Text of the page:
Zupe and Nichols to perform free concert Sunday afternoon
Zupe and Dave Nichols will perform a free concert Sunday, Jan. 22, at Hancock Performing Arts/Community Center. (Submitted photo)
After all, their work has been featured on some of the top shows on television.
They've also lent their music talents to radio and television commercials.
But they're not just about soundtracks and jingles.
The men known as Zupe and Nichols can play a mean blend of blues, jazz and rock.
In fact, their "Speechless" album received a Grindie Award from RadioIndy.com, recognizing "the work of virtuosos" and "top quality production."
In 2011, "Step on It," was nominated for "Best Instrumental Composition" in the Hollywood Music in Media Awards. And both men are multi-year recipients of the American Society of Composers, Authors and Publishers (ASCAP) Plus Award, honoring writer members of any genre whose performances are primarily in venues not surveyed.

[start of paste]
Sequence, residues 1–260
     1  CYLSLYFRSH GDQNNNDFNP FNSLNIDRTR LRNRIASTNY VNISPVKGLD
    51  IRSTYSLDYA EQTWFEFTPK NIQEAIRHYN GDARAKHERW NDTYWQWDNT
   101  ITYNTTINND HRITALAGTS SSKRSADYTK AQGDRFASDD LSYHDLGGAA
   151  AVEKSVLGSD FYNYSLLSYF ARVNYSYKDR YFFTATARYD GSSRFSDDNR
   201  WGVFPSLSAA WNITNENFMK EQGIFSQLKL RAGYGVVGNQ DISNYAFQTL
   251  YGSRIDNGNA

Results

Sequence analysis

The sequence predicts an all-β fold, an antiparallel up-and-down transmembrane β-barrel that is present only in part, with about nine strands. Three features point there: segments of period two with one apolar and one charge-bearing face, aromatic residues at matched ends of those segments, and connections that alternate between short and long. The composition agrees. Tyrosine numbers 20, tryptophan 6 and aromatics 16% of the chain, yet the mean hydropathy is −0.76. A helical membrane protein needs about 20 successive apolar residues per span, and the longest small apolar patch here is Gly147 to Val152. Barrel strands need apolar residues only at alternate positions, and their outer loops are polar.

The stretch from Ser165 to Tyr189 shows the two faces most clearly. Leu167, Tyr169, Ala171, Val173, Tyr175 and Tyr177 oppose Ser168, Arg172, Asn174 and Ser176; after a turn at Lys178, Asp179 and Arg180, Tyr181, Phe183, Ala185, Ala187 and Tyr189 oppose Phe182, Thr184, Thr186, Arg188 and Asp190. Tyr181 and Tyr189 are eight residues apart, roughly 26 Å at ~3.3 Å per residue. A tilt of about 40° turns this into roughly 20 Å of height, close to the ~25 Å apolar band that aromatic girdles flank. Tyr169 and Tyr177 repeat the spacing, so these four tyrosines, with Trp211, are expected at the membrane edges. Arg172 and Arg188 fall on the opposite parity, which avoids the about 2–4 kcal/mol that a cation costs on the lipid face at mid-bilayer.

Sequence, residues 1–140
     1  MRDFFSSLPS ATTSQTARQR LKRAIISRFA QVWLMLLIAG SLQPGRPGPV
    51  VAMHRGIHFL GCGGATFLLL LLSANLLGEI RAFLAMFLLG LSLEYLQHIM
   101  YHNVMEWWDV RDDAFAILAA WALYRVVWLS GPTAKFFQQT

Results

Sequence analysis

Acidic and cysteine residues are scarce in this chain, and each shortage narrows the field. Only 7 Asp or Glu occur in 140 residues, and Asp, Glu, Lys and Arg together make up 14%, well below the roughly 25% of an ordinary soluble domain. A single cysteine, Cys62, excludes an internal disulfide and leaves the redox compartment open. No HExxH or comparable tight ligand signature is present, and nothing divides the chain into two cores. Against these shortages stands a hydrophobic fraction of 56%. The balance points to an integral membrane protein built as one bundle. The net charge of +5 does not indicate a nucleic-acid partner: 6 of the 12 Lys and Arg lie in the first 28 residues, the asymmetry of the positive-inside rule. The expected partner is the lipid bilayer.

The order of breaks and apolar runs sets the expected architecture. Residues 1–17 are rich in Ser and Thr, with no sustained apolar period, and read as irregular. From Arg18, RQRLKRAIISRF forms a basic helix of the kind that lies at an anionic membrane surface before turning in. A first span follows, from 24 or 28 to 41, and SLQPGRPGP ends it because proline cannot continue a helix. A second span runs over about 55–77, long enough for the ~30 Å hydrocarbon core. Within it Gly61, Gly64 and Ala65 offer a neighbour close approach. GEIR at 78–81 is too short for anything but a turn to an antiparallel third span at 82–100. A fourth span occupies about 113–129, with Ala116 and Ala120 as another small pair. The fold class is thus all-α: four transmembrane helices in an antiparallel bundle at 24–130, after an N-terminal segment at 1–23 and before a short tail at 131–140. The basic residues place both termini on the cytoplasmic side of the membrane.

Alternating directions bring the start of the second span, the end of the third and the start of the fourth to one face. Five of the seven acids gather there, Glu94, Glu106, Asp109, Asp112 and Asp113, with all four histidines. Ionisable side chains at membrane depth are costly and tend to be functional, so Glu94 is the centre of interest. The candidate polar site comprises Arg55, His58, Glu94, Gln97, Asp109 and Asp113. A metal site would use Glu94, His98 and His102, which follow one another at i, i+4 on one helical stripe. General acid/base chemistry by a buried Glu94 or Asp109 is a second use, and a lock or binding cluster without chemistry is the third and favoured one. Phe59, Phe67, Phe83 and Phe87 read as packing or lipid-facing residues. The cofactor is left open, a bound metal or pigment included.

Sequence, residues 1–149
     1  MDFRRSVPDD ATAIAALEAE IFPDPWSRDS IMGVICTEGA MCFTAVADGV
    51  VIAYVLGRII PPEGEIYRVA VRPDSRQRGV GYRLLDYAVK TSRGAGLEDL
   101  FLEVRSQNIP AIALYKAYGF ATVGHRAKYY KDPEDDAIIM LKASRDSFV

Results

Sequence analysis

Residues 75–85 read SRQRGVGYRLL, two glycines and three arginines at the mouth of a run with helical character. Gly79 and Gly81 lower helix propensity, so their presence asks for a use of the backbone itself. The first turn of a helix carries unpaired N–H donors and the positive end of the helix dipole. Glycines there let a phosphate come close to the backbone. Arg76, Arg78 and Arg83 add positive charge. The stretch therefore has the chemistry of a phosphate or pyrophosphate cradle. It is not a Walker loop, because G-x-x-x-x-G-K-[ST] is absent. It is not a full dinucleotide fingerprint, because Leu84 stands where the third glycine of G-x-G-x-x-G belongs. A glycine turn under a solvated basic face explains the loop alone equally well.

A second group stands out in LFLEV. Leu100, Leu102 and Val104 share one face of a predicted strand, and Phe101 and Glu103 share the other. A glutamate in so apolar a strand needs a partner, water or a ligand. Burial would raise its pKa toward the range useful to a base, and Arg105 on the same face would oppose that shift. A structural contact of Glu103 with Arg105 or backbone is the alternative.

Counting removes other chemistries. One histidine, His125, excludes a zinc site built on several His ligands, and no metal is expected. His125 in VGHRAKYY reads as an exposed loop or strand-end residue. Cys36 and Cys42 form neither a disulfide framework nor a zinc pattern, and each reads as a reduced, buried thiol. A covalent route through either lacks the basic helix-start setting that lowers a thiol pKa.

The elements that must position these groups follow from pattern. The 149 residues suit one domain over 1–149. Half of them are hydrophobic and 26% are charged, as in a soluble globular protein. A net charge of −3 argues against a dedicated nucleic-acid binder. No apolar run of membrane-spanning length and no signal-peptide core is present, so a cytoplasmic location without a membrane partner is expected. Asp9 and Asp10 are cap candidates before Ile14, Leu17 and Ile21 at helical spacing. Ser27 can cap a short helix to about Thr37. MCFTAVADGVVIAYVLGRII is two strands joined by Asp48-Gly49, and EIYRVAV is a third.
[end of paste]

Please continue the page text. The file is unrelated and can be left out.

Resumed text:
The duo will bring their distinct sound to the Tri-State area when they perform in concert at the Hancock Performing Arts/Community Center at 3 p.m. Sunday, Jan. 22..
The event is sponsored by the Hancock Arts Council and is free and open to the public.
Both men admit their music is "a smorgasbord of influences."
As a child, Zupe, who lives in Altoona, Pa., remembers his father breaking out his accordion while he and his siblings would dance.
"And my mom was always a fan of pop radio," he said. "My earliest music memory is listening to her radio in the kitchen and Buffalo Springfield's & 'For What It's Worth' came on."
But, at night, classical music on the living room record player filled the house.
Zupe said he was a huge fan of all the music variety shows, including "The Andy Williams Show" and the "Glen Campbell Goodtime Hour."
And when he began his formal music education in elementary school, his teachers instilled a love of music from the big band era.
"So while most of my friends listened to Led Zeppelin or Van Halen, I was getting into Duke Ellington and Count Basie," he recalled.
As a young trumpet student, he also was inspired by Herb Alpert, Doc Severinsen and Miles Davis.
But, in addition to the trumpet, Zupe was a pianist, "so the pop music at the time didn't go unnoticed. The synth-based new wave bands like The Cars, The Babies, The Tubes and Gary Numan definitely made an impression."
For Dave Nichols, who resides in Somerset, Pa., music was a part of his life even before he could read.